THE crime rate among young offenders – some of whom had 35 convictions – plummeted by 64% under a new Garda scheme being rolled out across the country.
The scheme, which sees each young offender case managed by an individual garda, resulted in the number of charges racked up by 16 young people fall from 219 to 80 in a nine-month period.
The programme was operated in the Dublin Metropolitan North Central Division and was so successful that it has been extended there to include adults and sex offenders.
The number of people being managed on a one-to-one basis in the north inner city is 110, although the Chief Supt overseeing the scheme said it did not always prevent the “nuclear option” of detention being utilised.
Chief Supt Pat Leahy told a conference yesterday that last week a 13-year- old was brought before the courts after the gang of youths he was leading was involved in more than 50 robberies, some of which resulted in other youngsters receiving broken noses and broken jaws.
He told the Irish Youth Justice Service conference that the pilot scheme is now included in the National Policing Plan for this year. His division is also to receive a Taoiseach’s Public Service Excellence Awards next month due to the success of the scheme.
Supt Leahy said each of the 16 youths, aged between 13 and 18, had been detailed with a garda who received training so as to case manage the youth. It meant having to appear in court alongside the young person, dealing with their families and interacting with other agencies.
He said the system was needed because otherwise anything up to 20 gardaí could be in court dealing with the crimes of just one young offender, while the child was more involved with the criminal justice system instead of being at school, a situation he described as “just not acceptable any longer”.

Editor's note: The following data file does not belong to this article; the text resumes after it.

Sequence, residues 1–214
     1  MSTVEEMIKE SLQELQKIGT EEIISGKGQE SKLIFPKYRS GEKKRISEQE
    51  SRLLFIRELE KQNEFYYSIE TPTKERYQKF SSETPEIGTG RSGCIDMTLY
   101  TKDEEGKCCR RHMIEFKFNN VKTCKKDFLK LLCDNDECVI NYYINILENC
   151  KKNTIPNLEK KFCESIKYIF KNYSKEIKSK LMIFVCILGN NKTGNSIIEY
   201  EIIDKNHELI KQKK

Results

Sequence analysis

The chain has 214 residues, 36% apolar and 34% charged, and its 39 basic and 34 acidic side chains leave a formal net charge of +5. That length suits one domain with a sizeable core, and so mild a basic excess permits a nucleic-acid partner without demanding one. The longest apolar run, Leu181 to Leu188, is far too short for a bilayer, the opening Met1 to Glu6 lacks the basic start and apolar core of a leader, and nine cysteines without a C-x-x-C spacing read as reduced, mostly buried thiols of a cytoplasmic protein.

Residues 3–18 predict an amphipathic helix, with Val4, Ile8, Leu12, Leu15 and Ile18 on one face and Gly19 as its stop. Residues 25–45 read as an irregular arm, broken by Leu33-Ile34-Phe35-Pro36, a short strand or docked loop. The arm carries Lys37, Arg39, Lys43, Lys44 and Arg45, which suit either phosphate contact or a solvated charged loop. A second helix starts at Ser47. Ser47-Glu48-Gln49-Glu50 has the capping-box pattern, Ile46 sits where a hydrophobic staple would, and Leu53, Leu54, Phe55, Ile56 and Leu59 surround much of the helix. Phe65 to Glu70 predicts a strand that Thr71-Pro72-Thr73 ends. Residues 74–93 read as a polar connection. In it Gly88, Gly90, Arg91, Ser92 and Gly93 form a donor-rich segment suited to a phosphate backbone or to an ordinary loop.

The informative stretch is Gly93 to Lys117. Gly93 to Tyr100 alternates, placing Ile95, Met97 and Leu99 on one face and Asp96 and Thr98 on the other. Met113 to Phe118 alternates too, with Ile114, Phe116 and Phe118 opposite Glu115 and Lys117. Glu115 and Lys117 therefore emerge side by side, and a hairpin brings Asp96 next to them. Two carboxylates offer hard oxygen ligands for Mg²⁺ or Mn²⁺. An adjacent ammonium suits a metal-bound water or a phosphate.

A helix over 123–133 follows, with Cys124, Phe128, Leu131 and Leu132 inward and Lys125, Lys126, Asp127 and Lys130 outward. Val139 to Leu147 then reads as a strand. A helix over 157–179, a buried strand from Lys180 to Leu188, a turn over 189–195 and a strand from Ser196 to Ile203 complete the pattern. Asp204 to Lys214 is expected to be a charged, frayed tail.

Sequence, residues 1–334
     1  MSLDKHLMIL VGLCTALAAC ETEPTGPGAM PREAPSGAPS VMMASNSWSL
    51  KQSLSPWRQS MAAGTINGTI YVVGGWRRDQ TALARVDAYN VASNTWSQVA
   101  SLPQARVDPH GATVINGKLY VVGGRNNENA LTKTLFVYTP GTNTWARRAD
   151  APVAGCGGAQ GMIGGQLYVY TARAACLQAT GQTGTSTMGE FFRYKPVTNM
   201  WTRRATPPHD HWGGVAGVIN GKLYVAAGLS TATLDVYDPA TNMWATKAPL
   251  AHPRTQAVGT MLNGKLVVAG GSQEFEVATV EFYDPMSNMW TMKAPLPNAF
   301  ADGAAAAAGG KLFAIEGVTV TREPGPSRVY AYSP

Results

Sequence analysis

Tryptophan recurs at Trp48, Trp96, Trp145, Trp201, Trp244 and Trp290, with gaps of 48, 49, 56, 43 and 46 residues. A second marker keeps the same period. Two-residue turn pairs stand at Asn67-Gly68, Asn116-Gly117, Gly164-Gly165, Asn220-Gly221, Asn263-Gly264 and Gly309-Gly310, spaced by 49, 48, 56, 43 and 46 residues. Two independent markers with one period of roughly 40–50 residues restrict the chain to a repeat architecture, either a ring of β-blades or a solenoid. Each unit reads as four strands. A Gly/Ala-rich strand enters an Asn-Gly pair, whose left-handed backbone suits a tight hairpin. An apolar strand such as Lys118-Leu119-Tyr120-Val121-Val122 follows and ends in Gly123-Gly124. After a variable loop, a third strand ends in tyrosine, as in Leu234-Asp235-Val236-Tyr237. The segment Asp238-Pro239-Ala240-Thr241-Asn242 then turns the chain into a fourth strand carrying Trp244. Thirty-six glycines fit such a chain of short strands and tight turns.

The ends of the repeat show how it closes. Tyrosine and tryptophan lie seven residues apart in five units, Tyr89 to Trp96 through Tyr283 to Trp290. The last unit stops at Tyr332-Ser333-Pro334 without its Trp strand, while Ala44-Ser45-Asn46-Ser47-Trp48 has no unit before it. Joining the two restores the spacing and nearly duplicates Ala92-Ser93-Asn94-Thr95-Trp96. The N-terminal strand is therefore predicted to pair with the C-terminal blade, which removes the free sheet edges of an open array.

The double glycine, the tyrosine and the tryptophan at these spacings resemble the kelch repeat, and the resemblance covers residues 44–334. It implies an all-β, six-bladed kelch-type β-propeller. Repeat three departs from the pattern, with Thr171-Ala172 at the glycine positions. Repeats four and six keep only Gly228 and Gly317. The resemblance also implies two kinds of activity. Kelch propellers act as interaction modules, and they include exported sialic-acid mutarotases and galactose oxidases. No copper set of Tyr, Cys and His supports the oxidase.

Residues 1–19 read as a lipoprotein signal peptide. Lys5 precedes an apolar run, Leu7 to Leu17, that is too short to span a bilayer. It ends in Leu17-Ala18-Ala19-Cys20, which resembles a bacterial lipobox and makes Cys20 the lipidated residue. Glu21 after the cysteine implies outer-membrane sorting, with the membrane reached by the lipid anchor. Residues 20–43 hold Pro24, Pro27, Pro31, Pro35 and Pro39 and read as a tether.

“Nobody was taking responsibility for the overall package – the child,” he said, adding that “case management is not labour intensive once it is up and running”.
More adults and sex offenders are likely to come under the scope of the programme, he said, urging that more be done to develop the scheme in other parts of the country.
The conference had heard from Supt Colette Quinlan of the Garda Office for Children and Youth Affairs that new data showed young people involved in more serious crimes, such as burglary, are more likely to go on and become adult offenders, as opposed to those involved in criminal damage and drunkenness.
Some 20,000 young people come into contact with gardaí every year and youth crime statistics in Cork, Birr, Ballinasloe, Priorswood and Tallaght will undergo analysis as part of a pilot scheme aimed at reducing the crime rate.
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